Deer are refereed to as Government Goats around here. They enjoy the elevated status of protected species in the sense that they are “owned by the people of the state of Illinois” and you have to have a permit to hunt them, even on your own land. Yet as a land owner I have to let the goats free graze and free roam all over me so the “people” or “owners” of the goats can enjoy them. Don’t get me wrong, I like deer, but I like deer management even better. But deer management anymore in this part of the state means only one thing: Outfitters.
Deer hunting outfitters are more of a nuisance than the deer anymore. Between the lack of respect for private property by placing hunters on ground they don’t lease, destroying crops with their ATV’s, the effort to grow bigger deer to command a bigger fee and their fighting with one another I think we should have an outfitter season instead of a deer season. Outfitter season would be open to hunt all outfitters, their trucks, stands and ATV’s with them sold and the proceeds going to charity.
In short: Lock and Load and put them out of business!
Oh yes I know they are an “economic boom” for the community…….yea right. They are an economic boom for their own pocket book and cost farmers and land owners millions for the destruction they do with their equipment and the deer they are trying to grow to the crops and land.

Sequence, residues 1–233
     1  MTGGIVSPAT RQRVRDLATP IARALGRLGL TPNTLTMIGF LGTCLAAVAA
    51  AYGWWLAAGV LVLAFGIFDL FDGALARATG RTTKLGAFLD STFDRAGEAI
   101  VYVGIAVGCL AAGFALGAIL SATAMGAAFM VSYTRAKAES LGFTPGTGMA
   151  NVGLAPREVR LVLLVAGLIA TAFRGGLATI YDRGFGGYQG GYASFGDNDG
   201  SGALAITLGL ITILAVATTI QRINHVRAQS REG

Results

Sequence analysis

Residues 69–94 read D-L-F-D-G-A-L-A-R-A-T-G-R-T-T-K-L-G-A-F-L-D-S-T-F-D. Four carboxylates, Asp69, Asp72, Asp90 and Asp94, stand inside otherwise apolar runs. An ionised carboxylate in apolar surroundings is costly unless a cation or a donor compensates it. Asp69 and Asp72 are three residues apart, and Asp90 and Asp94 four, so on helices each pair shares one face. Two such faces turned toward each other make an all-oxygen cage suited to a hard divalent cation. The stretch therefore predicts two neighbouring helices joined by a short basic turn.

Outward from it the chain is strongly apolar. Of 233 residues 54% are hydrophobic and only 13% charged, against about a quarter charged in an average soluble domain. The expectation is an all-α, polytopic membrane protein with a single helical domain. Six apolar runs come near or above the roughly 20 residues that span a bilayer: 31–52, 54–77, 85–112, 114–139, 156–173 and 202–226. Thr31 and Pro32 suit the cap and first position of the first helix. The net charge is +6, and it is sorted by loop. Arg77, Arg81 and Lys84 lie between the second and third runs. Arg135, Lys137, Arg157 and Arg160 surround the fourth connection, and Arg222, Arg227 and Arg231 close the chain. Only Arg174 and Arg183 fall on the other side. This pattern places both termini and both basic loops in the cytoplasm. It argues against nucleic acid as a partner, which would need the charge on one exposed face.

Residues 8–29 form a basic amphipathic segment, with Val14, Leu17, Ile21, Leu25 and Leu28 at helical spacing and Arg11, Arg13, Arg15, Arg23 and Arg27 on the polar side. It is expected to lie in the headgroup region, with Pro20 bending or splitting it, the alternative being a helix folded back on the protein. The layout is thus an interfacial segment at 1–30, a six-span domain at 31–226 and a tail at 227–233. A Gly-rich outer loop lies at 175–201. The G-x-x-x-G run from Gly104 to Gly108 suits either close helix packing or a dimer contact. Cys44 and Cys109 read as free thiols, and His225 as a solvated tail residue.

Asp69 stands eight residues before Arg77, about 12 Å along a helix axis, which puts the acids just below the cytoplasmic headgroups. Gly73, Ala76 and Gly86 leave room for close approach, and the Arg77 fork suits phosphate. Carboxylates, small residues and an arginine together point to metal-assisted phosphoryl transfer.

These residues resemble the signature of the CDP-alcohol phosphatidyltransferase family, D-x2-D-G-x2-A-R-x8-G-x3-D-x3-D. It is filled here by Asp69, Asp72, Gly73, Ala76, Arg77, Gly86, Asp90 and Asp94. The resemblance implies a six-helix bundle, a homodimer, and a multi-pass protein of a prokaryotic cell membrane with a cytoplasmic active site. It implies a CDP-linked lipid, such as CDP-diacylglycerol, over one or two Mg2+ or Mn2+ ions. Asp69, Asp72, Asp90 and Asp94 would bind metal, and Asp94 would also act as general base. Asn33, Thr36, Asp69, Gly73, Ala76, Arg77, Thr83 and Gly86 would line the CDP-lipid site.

Now, with that off my chest, back to the trail camera.
We don’t get a lot of deer staying here on our farm. Our farm is a transition for the deer between the two water sources around here and the two or three bedding areas. Food is plentiful. You might see several deer in one day and then not see a deer for a week or better. So it was a great surprise to me and the kids when we downloaded the trail camera and got several pictures like this of two bucks fighting. Not just once but twice. I am sure its the same bucks from the looks of it, most likely two years old, but they were locking horns. And they did it on two different occasions.
So there is hope for the kids this year that they will see a buck from the deer stand. I have hope that we might get to see these two fight live and in person this fall. And if we see them from the stand then it was a good day hunting. And if we don’t see them, it was a still a good day hunting. No matter if a shot is fired or not, it will be a good time with the kids out enjoying creation.